George Osborne likes to think of himself as the greatest political mind of his generation  

Budget 2015: It takes a lot of hard work to be as lucky as George Osborne

John Rentoul
Is this the future of flying: battery-powered planes made of plastic, and without flight decks?

Is this the future of flying?

Battery-powered planes made of plastic, and without flight decks
Isis are barbarians – but the Caliphate is a dream at the heart of all Muslim traditions

Isis are barbarians

but the Caliphate is an ancient Muslim ideal
The Brink's-Mat curse strikes again: three tons of stolen gold that brought only grief

Curse of Brink's Mat strikes again

Death of John 'Goldfinger' Palmer the latest killing related to 1983 heist
Greece debt crisis: 'The ministers talk to us about miracles' – why Greeks are cynical ahead of the bailout referendum

'The ministers talk to us about miracles'

Why Greeks are cynical ahead of the bailout referendum
Call of the wild: How science is learning to decode the way animals communicate

Call of the wild

How science is learning to decode the way animals communicate
Greece debt crisis: What happened to democracy when it’s a case of 'Vote Yes or else'?

'The economic collapse has happened. What is at risk now is democracy...'

If it doesn’t work in Europe, how is it supposed to work in India or the Middle East, asks Robert Fisk
The science of swearing: What lies behind the use of four-letter words?

The science of swearing

What lies behind the use of four-letter words?
The Real Stories of Migrant Britain: Clive fled from Zimbabwe - now it won't have him back

The Real Stories of Migrant Britain

Clive fled from Zimbabwe - now it won’t have him back
Africa on the menu: Three foodie friends want to popularise dishes from the continent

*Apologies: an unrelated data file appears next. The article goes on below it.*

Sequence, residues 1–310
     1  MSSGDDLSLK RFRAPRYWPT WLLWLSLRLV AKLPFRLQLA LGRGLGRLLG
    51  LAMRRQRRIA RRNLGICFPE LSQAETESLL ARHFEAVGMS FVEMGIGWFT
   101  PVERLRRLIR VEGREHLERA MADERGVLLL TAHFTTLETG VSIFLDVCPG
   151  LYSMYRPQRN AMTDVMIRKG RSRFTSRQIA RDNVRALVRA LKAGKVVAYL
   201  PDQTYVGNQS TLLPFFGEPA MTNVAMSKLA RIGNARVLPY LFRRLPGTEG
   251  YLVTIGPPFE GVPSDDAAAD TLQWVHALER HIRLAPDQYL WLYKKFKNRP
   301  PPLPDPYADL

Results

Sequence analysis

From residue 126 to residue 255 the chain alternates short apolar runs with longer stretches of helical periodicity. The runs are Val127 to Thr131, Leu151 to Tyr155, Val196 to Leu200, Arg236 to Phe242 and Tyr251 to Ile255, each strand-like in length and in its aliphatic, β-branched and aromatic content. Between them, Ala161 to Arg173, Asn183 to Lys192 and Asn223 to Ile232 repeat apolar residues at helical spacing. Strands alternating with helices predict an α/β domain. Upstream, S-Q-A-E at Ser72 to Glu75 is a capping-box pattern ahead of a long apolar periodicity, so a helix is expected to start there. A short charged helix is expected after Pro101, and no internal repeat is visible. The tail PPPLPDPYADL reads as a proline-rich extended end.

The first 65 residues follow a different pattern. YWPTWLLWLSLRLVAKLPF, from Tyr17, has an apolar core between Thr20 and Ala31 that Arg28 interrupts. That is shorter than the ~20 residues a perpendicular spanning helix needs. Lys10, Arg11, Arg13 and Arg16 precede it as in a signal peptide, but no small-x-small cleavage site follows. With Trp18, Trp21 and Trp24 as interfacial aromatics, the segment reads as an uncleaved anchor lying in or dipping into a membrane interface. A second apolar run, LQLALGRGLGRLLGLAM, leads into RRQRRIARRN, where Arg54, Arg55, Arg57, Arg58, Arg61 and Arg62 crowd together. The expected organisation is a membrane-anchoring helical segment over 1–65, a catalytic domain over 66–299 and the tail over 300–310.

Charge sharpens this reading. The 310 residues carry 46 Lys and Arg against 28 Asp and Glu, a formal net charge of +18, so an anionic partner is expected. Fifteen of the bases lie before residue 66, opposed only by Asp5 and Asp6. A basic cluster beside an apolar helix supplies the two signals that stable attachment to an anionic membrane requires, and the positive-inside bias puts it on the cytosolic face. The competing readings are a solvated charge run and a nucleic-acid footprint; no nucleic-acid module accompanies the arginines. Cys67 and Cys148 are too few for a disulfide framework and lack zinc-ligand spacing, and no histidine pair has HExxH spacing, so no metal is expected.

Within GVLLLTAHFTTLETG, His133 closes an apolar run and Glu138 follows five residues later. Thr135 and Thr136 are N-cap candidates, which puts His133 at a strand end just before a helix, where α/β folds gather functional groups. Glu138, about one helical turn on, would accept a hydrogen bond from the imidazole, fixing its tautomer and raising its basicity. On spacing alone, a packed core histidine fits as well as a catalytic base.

Africa on the menu

Three foodie friends want to popularise dishes from the hot new continent
Donna Karan is stepping down after 30 years - so who will fill the DKNY creator's boots?

Who will fill Donna Karan's boots?

The designer is stepping down as Chief Designer of DKNY after 30 years. Alexander Fury looks back at the career of 'America's Chanel'
10 best statement lightbulbs

10 best statement lightbulbs

Dare to bare with some out-of-the-ordinary illumination
Wimbledon 2015: Heather Watson - 'I had Serena's poster on my wall – now I'm playing her'

Heather Watson: 'I had Serena's poster on my wall – now I'm playing her'

Briton pumped up for dream meeting with world No 1
Wimbledon 2015: Nick Bollettieri - It's time for big John Isner to produce the goods to go with his thumping serve

Nick Bollettieri's Wimbledon Files

It's time for big John Isner to produce the goods to go with his thumping serve
Dustin Brown: Who is the tennis player who knocked Rafael Nadal out of Wimbeldon 2015?

Dustin Brown

Who is the German player that knocked Nadal out of Wimbeldon 2015?
Ashes 2015: Damien Martyn - 'England are fired up again, just like in 2005...'

Damien Martyn: 'England are fired up again, just like in 2005...'

Australian veteran of that Ashes series, believes the hosts' may become unstoppable if they win the first Test